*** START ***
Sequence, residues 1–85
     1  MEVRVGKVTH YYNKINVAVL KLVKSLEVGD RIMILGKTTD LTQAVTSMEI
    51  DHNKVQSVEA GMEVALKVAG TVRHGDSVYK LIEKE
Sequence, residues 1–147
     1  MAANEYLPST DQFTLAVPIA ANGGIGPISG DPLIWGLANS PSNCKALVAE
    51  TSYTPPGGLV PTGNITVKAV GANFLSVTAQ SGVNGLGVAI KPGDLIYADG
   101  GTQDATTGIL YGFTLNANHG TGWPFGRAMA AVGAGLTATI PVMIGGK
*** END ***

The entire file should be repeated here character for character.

Sequence, residues 1–85
     1  MEVRVGKVTH YYNKINVAVL KLVKSLEVGD RIMILGKTTD LTQAVTSMEI
    51  DHNKVQSVEA GMEVALKVAG TVRHGDSVYK LIEKE
Sequence, residues 1–147
     1  MAANEYLPST DQFTLAVPIA ANGGIGPISG DPLIWGLANS PSNCKALVAE
    51  TSYTPPGGLV PTGNITVKAV GANFLSVTAQ SGVNGLGVAI KPGDLIYADG
   101  GTQDATTGIL YGFTLNANHG TGWPFGRAMA AVGAGLTATI PVMIGGK